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Klarinet Archive - Posting 000692.txt from 1999/01

From: "Ed Maurey" <edsshop@-----.ca>
Subj: Re: [kl] Buffet R-13
Date: Fri, 15 Jan 1999 20:17:44 -0500

Tom,

Awhile back one of us in this group asked a very good question that was
never answered. The question was more or less this: Is there another
reason, presumably acoustical, for the register tube to extend into the
bore other than to keep water out?

Ed Maurey

P.S. It's terrific to hear some sound criticism of the R-13. That model
is regarded as a holy cow by entirely too many clarinetists.

> From: TOM RIDENOUR <klarinet@-----.net>
> To: klarinet@-----.org
> Subject: Re: [kl] Buffet R-13
> Date: Thursday, January 14, 1999 10:55 PM
>
> >RE :
> >
> >> From: GrabnerWG@-----.com
> >> To: klarinet@-----.org
> >> Subject: Re: [kl] Buffet R-13
> >> Date: Thursday, January 14, 1999 10:47 AM
> >
> >> Tom......That was an excellent discussion of the inherent flaws in the
> >R-13.
> >>
> >> I still own my R-13 Bb (Vintage 1966, lots of memories, couldn't ever
> >bring
> >> myself to sell it), but essentially replaced it in the late 70's with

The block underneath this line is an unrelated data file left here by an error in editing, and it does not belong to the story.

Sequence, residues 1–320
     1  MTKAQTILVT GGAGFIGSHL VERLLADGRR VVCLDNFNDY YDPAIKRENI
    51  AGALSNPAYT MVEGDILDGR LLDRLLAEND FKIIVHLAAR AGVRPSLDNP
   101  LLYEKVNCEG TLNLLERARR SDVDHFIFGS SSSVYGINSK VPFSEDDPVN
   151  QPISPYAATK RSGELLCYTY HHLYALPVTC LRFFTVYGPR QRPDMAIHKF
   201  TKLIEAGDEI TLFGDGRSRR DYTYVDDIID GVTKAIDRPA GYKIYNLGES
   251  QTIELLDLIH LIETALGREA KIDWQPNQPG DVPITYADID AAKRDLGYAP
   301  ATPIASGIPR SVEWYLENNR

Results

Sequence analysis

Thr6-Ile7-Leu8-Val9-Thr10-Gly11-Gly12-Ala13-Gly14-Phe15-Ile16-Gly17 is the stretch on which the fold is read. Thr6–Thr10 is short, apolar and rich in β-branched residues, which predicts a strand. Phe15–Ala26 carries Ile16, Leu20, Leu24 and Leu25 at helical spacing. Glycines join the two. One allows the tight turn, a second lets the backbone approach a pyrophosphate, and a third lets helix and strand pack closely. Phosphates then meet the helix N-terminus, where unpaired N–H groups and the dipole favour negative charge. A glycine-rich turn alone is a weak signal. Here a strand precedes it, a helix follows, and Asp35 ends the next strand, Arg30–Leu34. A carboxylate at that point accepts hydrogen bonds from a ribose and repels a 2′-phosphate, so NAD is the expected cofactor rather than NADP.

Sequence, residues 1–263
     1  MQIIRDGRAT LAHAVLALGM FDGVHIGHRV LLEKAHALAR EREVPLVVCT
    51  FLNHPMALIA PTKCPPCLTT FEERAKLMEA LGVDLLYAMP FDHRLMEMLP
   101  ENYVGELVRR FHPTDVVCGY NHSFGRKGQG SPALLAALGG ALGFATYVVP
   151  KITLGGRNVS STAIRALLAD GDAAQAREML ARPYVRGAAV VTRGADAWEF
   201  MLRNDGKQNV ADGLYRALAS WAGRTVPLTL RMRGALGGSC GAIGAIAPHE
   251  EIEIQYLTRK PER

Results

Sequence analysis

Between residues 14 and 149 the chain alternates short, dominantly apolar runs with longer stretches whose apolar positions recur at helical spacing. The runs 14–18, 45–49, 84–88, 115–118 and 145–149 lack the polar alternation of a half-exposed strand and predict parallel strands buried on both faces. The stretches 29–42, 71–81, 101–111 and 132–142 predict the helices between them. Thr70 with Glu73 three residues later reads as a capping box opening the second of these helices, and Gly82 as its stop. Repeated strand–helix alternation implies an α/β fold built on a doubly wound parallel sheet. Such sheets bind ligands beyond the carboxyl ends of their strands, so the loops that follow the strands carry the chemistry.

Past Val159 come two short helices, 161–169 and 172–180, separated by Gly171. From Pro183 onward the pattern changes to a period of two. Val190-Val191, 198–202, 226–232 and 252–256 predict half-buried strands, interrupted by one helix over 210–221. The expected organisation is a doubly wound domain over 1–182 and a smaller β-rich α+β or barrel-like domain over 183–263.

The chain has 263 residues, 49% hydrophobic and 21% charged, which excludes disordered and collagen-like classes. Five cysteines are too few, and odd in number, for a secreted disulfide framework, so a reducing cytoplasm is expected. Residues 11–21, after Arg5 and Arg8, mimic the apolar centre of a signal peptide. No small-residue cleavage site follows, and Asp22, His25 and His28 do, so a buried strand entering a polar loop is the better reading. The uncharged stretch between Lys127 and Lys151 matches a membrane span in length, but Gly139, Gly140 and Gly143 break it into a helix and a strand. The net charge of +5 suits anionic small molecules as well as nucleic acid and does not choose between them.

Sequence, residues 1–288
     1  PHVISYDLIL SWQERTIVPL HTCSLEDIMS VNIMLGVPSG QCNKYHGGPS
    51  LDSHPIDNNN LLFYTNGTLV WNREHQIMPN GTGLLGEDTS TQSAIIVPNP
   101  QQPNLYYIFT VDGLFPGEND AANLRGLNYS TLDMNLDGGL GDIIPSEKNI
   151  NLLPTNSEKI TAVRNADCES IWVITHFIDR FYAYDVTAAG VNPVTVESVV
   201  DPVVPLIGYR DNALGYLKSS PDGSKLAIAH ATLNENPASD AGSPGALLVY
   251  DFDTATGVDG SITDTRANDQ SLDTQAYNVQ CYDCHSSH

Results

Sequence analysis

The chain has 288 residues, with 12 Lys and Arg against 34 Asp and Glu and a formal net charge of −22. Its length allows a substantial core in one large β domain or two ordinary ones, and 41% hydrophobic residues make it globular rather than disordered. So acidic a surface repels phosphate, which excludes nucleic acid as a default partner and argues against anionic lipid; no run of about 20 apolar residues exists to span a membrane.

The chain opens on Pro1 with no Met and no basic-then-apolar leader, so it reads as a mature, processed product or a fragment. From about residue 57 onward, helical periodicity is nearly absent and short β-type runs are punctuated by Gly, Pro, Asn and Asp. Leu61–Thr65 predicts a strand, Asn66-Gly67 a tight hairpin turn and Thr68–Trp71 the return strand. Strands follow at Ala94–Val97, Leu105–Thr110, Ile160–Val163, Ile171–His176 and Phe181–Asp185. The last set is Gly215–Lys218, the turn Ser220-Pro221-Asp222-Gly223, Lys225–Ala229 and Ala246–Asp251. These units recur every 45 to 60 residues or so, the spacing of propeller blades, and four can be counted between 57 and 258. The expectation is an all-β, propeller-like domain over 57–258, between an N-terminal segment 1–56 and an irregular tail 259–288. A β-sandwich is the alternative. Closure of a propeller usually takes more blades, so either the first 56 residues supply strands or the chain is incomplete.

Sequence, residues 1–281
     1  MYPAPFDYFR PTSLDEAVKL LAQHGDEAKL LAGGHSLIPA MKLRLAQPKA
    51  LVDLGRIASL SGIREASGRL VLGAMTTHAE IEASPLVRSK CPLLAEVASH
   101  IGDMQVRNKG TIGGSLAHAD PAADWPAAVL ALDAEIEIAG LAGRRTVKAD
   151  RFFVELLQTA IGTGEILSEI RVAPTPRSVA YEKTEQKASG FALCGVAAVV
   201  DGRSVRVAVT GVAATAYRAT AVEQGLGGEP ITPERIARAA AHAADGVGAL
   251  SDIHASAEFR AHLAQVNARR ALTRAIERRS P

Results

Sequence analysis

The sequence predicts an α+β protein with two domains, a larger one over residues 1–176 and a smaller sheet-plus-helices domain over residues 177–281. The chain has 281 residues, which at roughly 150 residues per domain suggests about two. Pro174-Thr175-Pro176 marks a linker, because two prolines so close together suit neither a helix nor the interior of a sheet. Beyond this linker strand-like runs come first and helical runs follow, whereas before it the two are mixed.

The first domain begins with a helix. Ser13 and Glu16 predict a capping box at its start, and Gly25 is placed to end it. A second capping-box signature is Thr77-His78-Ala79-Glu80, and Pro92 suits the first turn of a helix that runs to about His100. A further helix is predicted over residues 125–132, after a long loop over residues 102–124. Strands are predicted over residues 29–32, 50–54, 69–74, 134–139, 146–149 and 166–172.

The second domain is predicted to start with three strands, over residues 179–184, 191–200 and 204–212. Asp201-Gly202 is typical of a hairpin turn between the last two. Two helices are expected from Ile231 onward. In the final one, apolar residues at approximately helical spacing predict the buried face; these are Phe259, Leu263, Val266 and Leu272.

a
> >Selmer
> >> 10-G which Shifrin was promoting at the time.
> >>
> >> Could I possibly have the same type of discussion about the 10-G, like
> >the one
> >> you did on the R-13? Thanks in advance.
> >>
> >
> >Tom:-
> >Don't suppose that you would have the time [and inclination!] to answer
the
> >above,
> >but if you should, could you include comment's on the 10S #B1615 - the
> >Recital
> >#C8294 and the 10G "A" #C8253 series?.
> >The 10S and 10G are what I call a "matched set". since I am lucky to be
> >able to
> >use the same barrel and m'piece on both [Hite D, aprox 20 years old]
> >I enjoy reading your postings, and look forward to having you back
> >regularly.
> >Hopefully, you will get your problem's sorted out with the people in
> >Kenosha. I
> >represented two American companies for nearly 40 year's, and I think I